<re_irc> have-analog-3ch = []
<re_irc> board-cyl = []
<re_irc> board-idl = ["have-analog-3ch]
<re_irc> <dirbaio> * ["have-analog-3ch"]
<re_irc> <dirbaio> or maybe make your "AdcKeyboardReader" struct and stick that in "Hardware", having each board file configure it differently
<re_irc> <dirbaio> I tend to make the stuff in "Hardware" as high-level as possible
<re_irc> <dirbaio> for example I have different boards with NFC and without, and with different chips, with spi/i2c, on different pins
<re_irc> <dirbaio> so each "" intializes the pins, initializes i2c/spi, initializes the nfc driver for the current chip, and returns it in "Hardware"
<re_irc> <dirbaio> so the rest of the code can directly do "#[cfg(feature="have-nfc")] hw.nfc.do_whatever()"
<re_irc> <dirbaio> for example I have different boards with NFC and without, and with different NFC reader chips, with spi/i2c, on different pins
<re_irc> <firefrommoonlight> dirbaio: That sounds straightfoward
<re_irc> <firefrommoonlight> Not an ideal config file, but you could definitely write a bunch of equivalent ".rs" files and do "use boarda as board" etc
<re_irc> <firefrommoonlight> I've been doing that for a few hardware parts that are sort of interchangeable like IMUs (gotta stay flexible these days...)
<re_irc> <firefrommoonlight> Didn't think to apply it to MCUs too
<re_irc> <dirbaio> yeah I wouldn't say it's a "config"
<re_irc> <dirbaio> it's actual code
<re_irc> <firefrommoonlight> workable, even if not ideal
<re_irc> <firefrommoonlight> Eg, I have a line like this:
<re_irc> use icm426xx as imu;
<re_irc> // use ism330 as imu;
<re_irc> <dirbaio> it depends on what you're doing
<re_irc> <firefrommoonlight> Yea completely
<re_irc> <firefrommoonlight> I can see that not being ideal for a lot of cases
<re_irc> <dirbaio> for my usecase the different boards are very different, it's all the products you see in
<re_irc> <dirbaio> (and multuiple revisions of the boards, some with very significant changes due to the chip shortage ๐Ÿ˜ญ)
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<re_irc> <dirbaio> some are battery-powered, some have network, some have nfc...
<re_irc> <firefrommoonlight> Nice!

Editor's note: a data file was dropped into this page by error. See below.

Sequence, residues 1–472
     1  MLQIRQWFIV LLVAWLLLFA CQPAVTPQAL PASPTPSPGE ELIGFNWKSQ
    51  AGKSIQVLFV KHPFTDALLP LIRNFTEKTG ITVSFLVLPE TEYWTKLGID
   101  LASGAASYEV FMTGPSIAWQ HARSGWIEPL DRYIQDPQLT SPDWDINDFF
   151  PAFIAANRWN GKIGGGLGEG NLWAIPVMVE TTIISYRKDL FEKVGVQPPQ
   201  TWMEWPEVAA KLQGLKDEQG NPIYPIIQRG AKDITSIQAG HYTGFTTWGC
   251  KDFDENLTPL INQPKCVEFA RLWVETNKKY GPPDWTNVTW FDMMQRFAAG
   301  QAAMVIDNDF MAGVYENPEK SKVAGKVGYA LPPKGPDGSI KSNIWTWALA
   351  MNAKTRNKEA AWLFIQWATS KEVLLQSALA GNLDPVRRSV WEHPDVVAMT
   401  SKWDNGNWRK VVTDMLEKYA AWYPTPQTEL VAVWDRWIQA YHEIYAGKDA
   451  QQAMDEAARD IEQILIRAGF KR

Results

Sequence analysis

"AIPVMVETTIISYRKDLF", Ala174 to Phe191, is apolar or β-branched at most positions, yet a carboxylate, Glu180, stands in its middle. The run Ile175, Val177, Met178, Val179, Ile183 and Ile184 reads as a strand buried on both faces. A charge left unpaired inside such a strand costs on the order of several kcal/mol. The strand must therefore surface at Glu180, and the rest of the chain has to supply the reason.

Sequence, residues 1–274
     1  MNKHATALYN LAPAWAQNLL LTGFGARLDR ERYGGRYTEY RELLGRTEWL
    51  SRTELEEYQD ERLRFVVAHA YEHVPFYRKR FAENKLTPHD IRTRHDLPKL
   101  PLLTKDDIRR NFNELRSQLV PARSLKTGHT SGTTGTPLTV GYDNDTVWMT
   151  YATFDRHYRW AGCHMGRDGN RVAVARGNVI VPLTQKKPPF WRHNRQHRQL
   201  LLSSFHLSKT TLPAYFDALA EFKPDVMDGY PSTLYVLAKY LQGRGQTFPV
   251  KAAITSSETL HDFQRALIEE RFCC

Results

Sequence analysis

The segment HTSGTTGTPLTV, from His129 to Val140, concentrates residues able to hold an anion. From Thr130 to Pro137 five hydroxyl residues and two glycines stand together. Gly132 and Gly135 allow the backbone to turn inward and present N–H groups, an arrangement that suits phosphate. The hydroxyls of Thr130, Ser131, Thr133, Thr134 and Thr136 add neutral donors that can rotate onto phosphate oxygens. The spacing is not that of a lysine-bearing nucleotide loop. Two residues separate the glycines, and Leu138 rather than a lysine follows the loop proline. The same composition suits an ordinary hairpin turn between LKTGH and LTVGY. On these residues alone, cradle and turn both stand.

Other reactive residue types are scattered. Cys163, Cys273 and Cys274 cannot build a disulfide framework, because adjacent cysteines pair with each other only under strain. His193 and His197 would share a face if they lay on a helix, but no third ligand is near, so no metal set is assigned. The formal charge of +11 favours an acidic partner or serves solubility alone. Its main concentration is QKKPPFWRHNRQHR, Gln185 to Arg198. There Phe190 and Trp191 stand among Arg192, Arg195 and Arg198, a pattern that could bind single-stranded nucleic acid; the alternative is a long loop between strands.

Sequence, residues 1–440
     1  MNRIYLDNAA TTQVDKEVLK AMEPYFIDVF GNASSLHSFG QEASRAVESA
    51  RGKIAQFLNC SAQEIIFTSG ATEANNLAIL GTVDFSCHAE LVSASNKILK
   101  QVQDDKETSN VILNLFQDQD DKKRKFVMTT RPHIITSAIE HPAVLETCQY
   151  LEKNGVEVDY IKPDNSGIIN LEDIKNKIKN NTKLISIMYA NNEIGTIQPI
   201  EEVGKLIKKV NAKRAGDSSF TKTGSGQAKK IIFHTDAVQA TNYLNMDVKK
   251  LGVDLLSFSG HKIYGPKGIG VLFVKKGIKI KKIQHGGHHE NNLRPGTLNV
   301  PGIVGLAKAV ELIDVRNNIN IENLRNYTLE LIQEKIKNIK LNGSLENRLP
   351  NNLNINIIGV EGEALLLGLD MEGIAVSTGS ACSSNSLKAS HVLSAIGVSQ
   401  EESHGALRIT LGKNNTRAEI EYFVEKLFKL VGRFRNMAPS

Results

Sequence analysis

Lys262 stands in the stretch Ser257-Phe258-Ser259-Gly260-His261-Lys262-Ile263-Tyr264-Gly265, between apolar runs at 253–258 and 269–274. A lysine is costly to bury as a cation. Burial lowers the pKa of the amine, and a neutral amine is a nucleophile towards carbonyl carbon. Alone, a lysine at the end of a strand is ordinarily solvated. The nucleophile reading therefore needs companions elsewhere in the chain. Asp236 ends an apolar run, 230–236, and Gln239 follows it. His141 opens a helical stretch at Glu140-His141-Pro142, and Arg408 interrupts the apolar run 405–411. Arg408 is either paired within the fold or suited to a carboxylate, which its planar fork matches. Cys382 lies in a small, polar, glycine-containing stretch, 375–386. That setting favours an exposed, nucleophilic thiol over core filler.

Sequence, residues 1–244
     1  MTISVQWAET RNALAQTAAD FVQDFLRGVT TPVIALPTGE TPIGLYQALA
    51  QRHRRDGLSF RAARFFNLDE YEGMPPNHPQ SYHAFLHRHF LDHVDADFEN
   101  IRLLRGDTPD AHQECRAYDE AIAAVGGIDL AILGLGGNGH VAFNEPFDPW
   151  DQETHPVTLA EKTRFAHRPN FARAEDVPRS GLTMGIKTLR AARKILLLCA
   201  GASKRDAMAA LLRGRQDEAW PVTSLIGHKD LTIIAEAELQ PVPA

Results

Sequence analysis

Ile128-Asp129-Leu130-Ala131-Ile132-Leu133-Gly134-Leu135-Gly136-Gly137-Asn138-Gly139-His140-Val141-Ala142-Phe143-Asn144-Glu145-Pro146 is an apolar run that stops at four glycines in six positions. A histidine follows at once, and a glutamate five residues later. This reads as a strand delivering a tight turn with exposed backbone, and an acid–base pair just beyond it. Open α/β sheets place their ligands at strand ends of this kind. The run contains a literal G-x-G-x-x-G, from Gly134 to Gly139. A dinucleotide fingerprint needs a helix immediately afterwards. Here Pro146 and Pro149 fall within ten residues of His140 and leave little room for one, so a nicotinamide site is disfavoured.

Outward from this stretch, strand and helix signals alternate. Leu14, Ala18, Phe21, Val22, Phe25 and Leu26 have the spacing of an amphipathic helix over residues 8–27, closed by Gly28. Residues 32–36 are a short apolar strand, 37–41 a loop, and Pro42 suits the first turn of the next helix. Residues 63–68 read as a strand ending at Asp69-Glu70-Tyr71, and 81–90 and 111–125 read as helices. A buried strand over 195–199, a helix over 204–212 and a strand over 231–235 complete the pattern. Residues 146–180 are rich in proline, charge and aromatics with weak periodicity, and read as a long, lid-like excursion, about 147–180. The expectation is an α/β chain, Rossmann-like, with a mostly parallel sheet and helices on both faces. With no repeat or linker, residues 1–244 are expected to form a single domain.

<re_irc> <dirbaio> I imagine for a really really simpler usecase you could get away with a config with just pin numbers
<re_irc> <firefrommoonlight> Those look cool
<re_irc> <firefrommoonlight> I think something like a YAML file or even a terse custom format would be idea for a lot of these cases
<re_irc> <dirbaio> but you get one chip shortagened and have to swap it and your nice "config" goes out the window because now you have different chips
<re_irc> <firefrommoonlight> I haven't thought about it too much since I'm only alternating between 2 MCUs (G4 for lower price and good enough; H7 for high perf features)
<re_irc> <firefrommoonlight> But have a lot of feature-gated DRY where I assign pins
<re_irc> <dirbaio> and at that point you're reinventing a crappy subset of Rust inside YAML :P
<re_irc> <dirbaio> with undebuggable code generation :D
<re_irc> <firefrommoonlight> Haha yea
<re_irc> <firefrommoonlight> quick+dirty and works, but would get out of hand if adding more options
<re_irc> <dirbaio> or just use Linux's (Zephyr's?) Device Tree โ˜ ๏ธ
<re_irc> <dirbaio> (no)
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<re_irc> <riskable> dirbaio: It's way worse than that: I need each board to have different _numbers_ of ADC pins as well as different channel/key layouts (so A might be channel 2 on ADC 1 on one board but on another it might be channel 6 on ADC 0)
<re_irc> <riskable> Channels are truly generic though so that's much easier to deal with
<cr1901> >v1.0.0-alpha.8 I feel like that embedded-hal should've started at 1.0.0 instead of 0.1.0 to avoid all these alpha versions and "1.0 fever"
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<re_irc> <firefrommoonlight> V1.0.0 a bit like the speed of light, as described in 1905 by the Special Theory of Relativity
<re_irc> <firefrommoonlight> A short, but careful read through will illuminate why we conceputalize this marvel, but never attain it thus
<re_irc> <firefrommoonlight> Even approaching close will take substantial effort
<re_irc> <firefrommoonlight> For now, 0-based versioning is a safe standard
<cr1901> Zeno's Version
<re_irc> <dirbaio> v0.5, v0.75, v0.875, v0.9375, v0.96875, v0.984375, v0.9921875 ...
<re_irc> <dirbaio> +v0.9999999999
<re_irc> <James Munns> I can't remember if each version number is a u32 or u64
<re_irc> <dirbaio> crate versions are "double"s
<cr1901> Ahhh. Okay.
<re_irc> <dirbaio> (I was joking! they're not doubles!!)
<cr1901> Oops :P
<re_irc> <dirbaio> could've made it more obvious, sorry. ๐Ÿ™ˆ it's a common meme, in semver "0.9 < 0.10", vs with floating point it'd be the other way around ๐Ÿ˜‚
<cr1901> My joke/socializing bandwidth is gone till at least tomorrow. In a worse mood than usual.
<re_irc> <dirbaio> :'(
<cr1901> So yea I would've bought that "cargo uses a double". It would've been weird, but interesting :P